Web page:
Read the full blog at the link above.

The Downside

  • There is the danger of selective attention, or not paying attention to where you are when you’re playing.
  • With anything that is addictive, Pokemon Go can be unhealthy if it leads to new ways to procrastinate when the player should be doing something else
  • Tech savvy thieves in Missouri and Pennsylvania have reportedly exploited features of the game to lure and rob unsuspecting players.
  • While the game is designed to be played on foot, some people are doing it behind the wheel, which makes for a dangerous distraction on the road
  • The app appears susceptible to being hijacked by users who wish to harm other players and as such raises fundamental child safety concerns
  • There have been numerous accounts of children being placed in dangerous situations because of the geo-location feature – in one instance it is reported that armed robbers lured teenagers to a particular spot using the game and in another that players were taken to a sex shop
  • The game is free to download and play – but there are tempting in-app purchases available to help players reach higher levels
  • The game only works on smartphones, so parents be ready for children insisting they need a costly upgrade of their phone

Set Limits

Children will probably find a couple of Pokemon close to home, but will need to go some distance to keep finding more. Talk to children about how far you are happy for them to go while playing, and specify areas you want them to keep away from.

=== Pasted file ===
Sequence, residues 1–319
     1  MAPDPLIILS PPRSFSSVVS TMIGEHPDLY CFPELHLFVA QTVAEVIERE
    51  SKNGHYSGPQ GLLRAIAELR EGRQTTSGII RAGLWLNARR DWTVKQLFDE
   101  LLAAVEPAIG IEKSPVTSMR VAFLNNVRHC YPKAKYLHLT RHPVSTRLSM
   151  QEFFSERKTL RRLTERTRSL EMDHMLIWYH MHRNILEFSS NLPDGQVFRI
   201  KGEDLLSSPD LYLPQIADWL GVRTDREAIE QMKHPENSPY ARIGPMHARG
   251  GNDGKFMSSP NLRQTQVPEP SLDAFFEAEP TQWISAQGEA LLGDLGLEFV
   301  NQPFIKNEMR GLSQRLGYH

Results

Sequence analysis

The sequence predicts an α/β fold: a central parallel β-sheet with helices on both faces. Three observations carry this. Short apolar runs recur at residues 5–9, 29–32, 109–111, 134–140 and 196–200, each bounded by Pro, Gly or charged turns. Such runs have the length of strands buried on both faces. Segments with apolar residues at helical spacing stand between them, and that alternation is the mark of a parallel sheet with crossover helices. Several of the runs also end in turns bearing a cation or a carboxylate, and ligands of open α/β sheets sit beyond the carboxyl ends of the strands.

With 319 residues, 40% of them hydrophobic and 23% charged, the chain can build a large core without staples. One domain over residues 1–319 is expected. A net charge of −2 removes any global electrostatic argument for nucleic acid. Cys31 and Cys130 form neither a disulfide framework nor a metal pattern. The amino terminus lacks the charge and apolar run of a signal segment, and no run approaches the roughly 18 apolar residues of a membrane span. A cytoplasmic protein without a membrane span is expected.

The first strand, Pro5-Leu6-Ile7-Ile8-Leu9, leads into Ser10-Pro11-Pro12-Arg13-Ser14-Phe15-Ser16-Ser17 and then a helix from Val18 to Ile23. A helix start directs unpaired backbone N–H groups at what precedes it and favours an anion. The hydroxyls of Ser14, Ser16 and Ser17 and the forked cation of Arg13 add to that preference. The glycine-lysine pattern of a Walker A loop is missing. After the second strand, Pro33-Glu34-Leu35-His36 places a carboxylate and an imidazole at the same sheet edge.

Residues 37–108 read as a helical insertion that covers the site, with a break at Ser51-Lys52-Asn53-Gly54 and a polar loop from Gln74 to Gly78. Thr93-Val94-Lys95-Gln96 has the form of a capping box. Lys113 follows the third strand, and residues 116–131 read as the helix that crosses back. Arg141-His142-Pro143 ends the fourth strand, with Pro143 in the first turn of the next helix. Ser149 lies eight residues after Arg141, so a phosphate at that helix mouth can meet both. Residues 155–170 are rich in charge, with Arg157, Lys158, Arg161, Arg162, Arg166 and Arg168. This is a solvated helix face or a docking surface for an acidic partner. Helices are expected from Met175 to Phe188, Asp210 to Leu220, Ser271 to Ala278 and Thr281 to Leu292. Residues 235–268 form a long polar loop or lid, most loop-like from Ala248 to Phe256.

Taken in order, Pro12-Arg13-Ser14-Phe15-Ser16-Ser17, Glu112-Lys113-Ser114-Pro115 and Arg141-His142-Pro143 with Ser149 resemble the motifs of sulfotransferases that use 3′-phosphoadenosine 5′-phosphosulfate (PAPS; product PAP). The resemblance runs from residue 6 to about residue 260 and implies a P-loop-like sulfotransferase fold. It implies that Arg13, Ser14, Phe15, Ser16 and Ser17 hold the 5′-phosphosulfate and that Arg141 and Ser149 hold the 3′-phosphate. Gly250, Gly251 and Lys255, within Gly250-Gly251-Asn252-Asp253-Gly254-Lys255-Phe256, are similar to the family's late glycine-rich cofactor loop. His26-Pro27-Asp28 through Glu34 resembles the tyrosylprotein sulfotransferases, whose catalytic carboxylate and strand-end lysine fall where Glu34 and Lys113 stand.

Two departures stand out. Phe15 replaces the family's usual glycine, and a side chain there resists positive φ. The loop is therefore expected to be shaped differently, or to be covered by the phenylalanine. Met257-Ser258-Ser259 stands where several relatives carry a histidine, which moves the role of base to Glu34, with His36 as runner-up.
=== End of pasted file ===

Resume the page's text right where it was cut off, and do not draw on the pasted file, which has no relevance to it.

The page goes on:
Keep Concentrating

You can get very immersed in the game and forget about real dangers around you. Make sure children understand road safety dangers – and make sure they concentrate near traffic and look out for physical risks, such as waterways.

Respect Boundaries

The Pokemon maps mostly follow real life pavements and paths, but in graveyards, someone’s garden or on other private property may be inappropriate. Make sure kids know where they can and can’t go.

Stranger Danger

At the moment Pokemon is a single player game, but PokeStops and gyms, and the location of the creatures themselves will bring people together to certain places in your area. Some of the strangers your children will meet will be other kids, but the game is also popular with adults so you never know who they might meet.

Theft is another risk, with reports of phones being snatched from players as they turn up at known locations in the game.

Is It Age-Appropriate?

You’ll know best whether your child is old enough to play the game and also understand the risks. Make sure younger children are accompanied by an appropriate older child or adult while playing.

Privacy Concerns

To play Pokemon GO, you’ll need an account – and the app asks for personal information, such as date of birth and email address. It is possible to opt out of some uses of this information outside of playing the game through the game’s privacy policy.

Battery Life

Playing the game uses the phone’s screen, GPS tracking and mobile data – and that runs the battery down far quicker than normal use. So if the battery runs down, kids won’t be anble get in touch with you, or you with them.

Safety First

When the game starts up the first screen warns players: Remember to be alert at all times. Stay aware of your surroundings, especially when unfamiliar places. Playing with friends and family, and respect local laws and the locations visited.

And of course there are those like a friend of mine with his conspiracy theory!

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‘Pokemon Go’ Has People Moving and Feeling Better. Medscape  Jul 13, 2016.